NIPS 2017
Mon Dec 4th through Sat the 9th, 2017 at Long Beach Convention Center
Paper ID:2145
Title:Streaming Weak Submodularity: Interpreting Neural Networks on the Fly

Reviewer 1

This paper proposes a new approach STREAK for maximizing weakly submodular functions. The idea is to collect several outputs of the Threshold Greedy algorithm, where the selection is based on a given threshold. The theoretical results of the Threshold Greedy algorithm and STREAK are verified sequentially. STREAK is also used to provide interpretable explanations for neural-networks and the empirical studies are given. This is an interesting work. The streaming algorithm is novel and the analyses are elaborate. The problem constructed to prove the ineffectiveness of randomized streaming algorithms is ingenious. The experiments also show the superiority of STREAK. However, how to choose the proper \epsilon in STEAK? Figure 2(a) shows that by varying \epsilon, the algorithm can achieve a gradual tradeoff between speed and performance, but the result is trivial because with the increase of \epsilon, the time and space complexity will both increase and lead to better performance. I have checked all the proofs, and believe that most of them are correct. However, there are also some places which are not clear. 1. In the proof of Lemma A.1, the choice of appropriate arrival order is unclear and how to derive the inequality at the end of the proof? 2. In the proof of Lemma A.9, what is the meaning of the first paragraph? It seems to have nothing to do with the proof in the second paragraph. 3. In the proof of Theorem 5.6, why m=0 implies I=\ emptyset?

Reviewer 2

This paper studies the problem of maximizing functions that are approximately submodular in a streaming setting. The authors develop the STREAK algorithm, which achieves a constant factor approximation for weakly submodular functions with O(k log k) memory when the elements arrive in a random order in the stream. This result is complemented with an impossibility result for streams with adversarial ordering: no algorithm can obtain a constant factor approximation for 1/2-weakly submodular functions. Weakly submodular functions arise in nonlinear sparse regression applications where the function is not submodular. Experimental evaluations show how this algorithm can be used to interpret neural networks in a streaming setting, obtaining explanations of similar quality compared to previous work, but much faster. The problem of extending known theoretical guarantees for submodular optimization problems to more general classes of functions is an important direction and this paper achieves a nice constant factor approximation for maximizing the well-motivated class of weakly submodular functions in a streaming setting, which has been heavily studied for submodular functions. This constant approximation is especially strengthened by the strong impossibility result in the worst case order. The application of this problem to interpreting neural networks is also very interesting and the paper is overall very well written.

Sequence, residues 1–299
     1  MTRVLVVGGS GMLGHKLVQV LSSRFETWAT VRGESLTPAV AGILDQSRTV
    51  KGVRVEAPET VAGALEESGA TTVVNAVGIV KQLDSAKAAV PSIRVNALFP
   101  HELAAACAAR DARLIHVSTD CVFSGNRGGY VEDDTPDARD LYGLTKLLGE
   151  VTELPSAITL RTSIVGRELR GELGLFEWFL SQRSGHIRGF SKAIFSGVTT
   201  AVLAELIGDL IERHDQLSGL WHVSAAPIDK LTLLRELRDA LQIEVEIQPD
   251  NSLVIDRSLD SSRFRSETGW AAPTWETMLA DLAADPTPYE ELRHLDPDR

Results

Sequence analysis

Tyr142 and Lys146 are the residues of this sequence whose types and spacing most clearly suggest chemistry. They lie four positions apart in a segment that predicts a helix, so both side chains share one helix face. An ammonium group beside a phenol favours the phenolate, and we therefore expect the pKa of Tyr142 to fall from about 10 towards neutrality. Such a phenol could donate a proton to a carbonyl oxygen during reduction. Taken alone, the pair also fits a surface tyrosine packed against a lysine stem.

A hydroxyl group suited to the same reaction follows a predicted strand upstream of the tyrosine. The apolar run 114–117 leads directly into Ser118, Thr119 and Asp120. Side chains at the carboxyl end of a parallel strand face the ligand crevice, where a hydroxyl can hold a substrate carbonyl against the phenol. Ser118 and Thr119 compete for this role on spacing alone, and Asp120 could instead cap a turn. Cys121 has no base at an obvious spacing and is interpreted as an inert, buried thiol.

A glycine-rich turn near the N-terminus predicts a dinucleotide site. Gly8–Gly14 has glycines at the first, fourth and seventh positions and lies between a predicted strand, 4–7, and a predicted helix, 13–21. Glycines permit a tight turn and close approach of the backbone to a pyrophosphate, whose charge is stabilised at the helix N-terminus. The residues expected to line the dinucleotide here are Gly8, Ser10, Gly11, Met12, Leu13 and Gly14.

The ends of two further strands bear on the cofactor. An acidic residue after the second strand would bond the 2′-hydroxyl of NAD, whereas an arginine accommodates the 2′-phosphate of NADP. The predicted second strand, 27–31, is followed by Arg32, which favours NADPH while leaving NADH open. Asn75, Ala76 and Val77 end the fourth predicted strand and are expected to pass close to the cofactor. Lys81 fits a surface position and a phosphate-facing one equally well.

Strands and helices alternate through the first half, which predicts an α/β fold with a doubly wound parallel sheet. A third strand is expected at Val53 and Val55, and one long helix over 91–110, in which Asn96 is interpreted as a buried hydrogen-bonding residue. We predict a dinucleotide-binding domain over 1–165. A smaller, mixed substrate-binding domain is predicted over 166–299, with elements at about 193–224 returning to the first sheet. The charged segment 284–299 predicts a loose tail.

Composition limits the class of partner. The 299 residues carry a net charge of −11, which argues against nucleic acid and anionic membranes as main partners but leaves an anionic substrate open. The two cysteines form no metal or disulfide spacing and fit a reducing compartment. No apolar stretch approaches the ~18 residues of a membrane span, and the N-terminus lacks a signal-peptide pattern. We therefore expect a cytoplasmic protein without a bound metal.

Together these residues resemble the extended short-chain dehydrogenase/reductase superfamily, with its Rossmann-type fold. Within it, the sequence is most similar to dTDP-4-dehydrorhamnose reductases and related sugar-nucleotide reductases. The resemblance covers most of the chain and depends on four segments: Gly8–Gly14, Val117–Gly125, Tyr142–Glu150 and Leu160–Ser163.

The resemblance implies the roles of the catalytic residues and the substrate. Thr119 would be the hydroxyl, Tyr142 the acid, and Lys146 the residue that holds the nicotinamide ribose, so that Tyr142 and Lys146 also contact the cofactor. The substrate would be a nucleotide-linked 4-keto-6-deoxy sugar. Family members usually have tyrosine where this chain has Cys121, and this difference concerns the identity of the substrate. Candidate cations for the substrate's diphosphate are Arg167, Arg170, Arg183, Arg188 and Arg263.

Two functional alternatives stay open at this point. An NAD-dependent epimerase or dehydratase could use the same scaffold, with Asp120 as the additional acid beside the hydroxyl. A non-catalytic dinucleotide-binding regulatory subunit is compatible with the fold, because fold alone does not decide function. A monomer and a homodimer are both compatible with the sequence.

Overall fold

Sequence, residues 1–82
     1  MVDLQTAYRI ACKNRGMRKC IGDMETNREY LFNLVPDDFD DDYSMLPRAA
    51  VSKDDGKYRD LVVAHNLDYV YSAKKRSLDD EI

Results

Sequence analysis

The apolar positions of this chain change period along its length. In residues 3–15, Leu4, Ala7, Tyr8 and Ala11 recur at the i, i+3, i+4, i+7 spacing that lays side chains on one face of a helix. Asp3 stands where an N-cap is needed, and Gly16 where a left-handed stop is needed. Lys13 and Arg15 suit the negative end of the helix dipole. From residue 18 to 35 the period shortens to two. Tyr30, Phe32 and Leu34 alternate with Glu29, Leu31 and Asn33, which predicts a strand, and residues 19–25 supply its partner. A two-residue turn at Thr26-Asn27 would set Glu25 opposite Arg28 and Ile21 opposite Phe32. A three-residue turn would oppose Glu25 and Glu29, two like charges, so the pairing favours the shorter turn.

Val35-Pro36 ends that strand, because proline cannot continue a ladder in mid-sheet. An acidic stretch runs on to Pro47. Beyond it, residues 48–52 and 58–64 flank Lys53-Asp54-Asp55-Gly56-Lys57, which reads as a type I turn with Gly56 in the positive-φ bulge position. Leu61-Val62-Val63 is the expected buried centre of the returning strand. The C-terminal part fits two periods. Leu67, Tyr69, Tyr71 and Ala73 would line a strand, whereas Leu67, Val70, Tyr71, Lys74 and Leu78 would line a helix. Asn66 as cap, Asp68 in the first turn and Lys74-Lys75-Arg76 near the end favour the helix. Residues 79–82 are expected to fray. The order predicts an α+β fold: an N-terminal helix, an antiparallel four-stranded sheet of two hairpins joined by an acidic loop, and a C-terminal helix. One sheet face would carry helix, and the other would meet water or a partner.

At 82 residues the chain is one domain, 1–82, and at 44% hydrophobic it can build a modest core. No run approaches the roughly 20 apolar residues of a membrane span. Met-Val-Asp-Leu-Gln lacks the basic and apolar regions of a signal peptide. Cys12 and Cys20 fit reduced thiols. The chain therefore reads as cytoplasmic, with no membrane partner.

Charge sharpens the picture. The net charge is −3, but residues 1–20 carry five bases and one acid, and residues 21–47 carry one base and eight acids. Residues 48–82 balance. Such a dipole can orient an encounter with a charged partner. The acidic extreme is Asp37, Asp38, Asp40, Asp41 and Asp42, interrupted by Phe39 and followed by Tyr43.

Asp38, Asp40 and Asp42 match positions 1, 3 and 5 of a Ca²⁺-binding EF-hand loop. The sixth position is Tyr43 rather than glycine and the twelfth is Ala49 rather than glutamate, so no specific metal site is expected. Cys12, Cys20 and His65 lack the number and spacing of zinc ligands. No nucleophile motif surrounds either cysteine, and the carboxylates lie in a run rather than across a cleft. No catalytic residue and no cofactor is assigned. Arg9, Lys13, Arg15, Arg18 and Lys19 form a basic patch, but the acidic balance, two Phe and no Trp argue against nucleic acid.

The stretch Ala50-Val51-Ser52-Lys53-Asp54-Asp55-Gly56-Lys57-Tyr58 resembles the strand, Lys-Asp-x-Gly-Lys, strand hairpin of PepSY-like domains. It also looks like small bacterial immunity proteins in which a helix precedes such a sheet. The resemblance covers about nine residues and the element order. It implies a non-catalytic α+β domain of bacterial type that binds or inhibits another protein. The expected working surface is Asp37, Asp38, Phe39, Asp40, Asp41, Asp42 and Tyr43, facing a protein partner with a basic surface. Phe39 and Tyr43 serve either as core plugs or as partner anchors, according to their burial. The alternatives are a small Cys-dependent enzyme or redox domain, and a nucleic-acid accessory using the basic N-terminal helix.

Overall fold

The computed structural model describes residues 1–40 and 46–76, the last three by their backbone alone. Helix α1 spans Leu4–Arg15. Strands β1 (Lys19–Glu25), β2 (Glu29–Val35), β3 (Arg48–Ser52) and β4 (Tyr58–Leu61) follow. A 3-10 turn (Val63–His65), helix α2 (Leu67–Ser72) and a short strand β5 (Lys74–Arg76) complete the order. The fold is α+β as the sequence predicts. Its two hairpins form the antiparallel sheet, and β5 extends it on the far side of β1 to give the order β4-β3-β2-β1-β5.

Reviewer 3

This paper considers the streaming weakly submodular maximization problem and propose a novel algorithm, STREAK which obtains constant factor guarantees. 1. The authors propose that no randomized streaming algorithm that uses o(N) memory to solve max_{|S| < 2k} f_k(S) has a constant approximation ratio for a worst-case stream order. Does this apply to offline algorithms? If you have o(N) memories, it is possible to store all elements first. 2. As for the bounds in theorem 5.1 and 5.5, I would suggest the author make some plots to show them. Also, when gamma goes to 1 (i.e. the function is submodular), the bounds are 0.18 and 0.016, which is relative low compared to the existing algorithms on submodular online max. Is it possible for STREAK to meeting the performance of THRESHOLD GREEDY on boundary cases (gamma = 1)? 3. What is the theoretical running time complexity of STREAK? 4. For most submodular function in the paper, It should be mentioned that f(\emptyset) \geq 0; otherwise, f(OPT) might be less than 0.